PHILADELPHIA — Observations from the 76ers’ 101-81 win over the Portland Trail Blazers on Wednesday:
The third quarter ended with Embiid blocking Damian Lillard’s shot with the ferocity of a thousand men, then Saric stole the Trail Blazers’ inbound pass.
This time he didn’t taunt or bait the victim into retaliation, but the crowd showed him love all the same.
Embiid also shot 11 of 19, finishing with a 28-point, 12-rebound double-double. He worked the post, hit from 3, sank skyhooks and worked the crowd.
The only drawback was when he had to sit early in the fourth quarter after being charged with his fifth foul. The big man has had four or more fouls in eight of his 14 games this season.
McConnell continues to be the Sixers’ most reliable bench player.
He turned in another great performance, finishing with 13 points and seven assists in 26 minutes, 38 seconds.
Bench production has been hard to come by with injuries holding out Justin Anderson, Nik Stauskas, and Jerryd Bayless. Since Bayless’ return, he hasn’t been very efficient, so McConnell has taken upon himself to carry the load.
Not only does he produce offensively, but coach Brett Brown trusts him to scrap defensively, and he’s given no reason yet to not be trusted in that role.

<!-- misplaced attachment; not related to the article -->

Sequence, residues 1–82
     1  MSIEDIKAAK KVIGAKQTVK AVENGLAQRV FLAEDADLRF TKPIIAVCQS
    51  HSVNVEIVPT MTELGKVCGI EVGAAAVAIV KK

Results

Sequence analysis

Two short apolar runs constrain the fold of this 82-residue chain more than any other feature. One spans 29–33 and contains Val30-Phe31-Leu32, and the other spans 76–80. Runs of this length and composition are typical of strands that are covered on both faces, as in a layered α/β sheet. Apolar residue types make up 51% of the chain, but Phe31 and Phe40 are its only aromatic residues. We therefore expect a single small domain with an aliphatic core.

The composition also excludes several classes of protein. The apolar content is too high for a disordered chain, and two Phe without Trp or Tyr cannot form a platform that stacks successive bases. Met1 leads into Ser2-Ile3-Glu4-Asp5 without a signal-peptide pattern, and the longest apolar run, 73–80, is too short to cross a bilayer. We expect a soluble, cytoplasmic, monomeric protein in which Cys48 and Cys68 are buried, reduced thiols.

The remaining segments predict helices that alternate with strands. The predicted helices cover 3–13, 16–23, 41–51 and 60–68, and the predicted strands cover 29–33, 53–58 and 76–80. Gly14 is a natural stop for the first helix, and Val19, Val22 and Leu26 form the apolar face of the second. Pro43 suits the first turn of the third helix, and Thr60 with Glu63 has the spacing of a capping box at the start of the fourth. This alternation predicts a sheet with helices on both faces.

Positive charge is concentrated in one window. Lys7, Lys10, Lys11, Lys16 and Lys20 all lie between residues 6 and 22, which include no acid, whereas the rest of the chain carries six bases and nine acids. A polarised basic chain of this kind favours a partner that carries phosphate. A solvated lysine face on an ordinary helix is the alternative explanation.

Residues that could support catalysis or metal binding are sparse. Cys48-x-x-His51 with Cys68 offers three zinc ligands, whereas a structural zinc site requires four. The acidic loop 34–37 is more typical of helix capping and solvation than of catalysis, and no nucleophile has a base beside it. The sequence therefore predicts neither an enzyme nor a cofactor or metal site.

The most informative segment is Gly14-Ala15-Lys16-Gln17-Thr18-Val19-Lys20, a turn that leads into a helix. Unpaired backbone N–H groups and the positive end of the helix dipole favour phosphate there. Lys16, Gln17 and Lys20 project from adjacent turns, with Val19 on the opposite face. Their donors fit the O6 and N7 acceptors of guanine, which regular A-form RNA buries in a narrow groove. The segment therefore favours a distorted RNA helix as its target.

This was the second consecutive game the Sixers played at a pace they would not prefer.
The Blazers are the league’s worst team in transition but play particularly good in the half court. This makes for a much slower game.
Add in the fouls and turnovers called on both teams, and it was a stop-and-go contest all the way through. But like they did against the Jazz, the Sixers relied on defense to hold them through when they couldn’t play the up-tempo offensive to which they’ve become accustomed.
The Sixers held the Blazers to a season-low 81 points.
Both team’s coaches said rebounding was a point of emphasis heading into Wednesday’s matchup. The Sixers and Blazers rank second and fourth respectively, in rebounds, per game.
But, with the length of the Sixers from Robert Covington, Ben Simmons, Joel Embiid and Dario Saric, the Blazers knew it was going to be difficult. The Sixers won the battle 57-48.
The Sixers were lucky to have the 50-37 cushion at halftime.
They hit just 18 of 45 shots before intermission. But as much trouble as the Sixers had connecting, the Trail Blazers were horrific in comparison.
Portland started out going 0 for 13 before Shabazz Napier broke the spell. But the shooting woes weren’t over for the Blazers, as they closed out the period shooting just 19.2 percent on 5-of-26.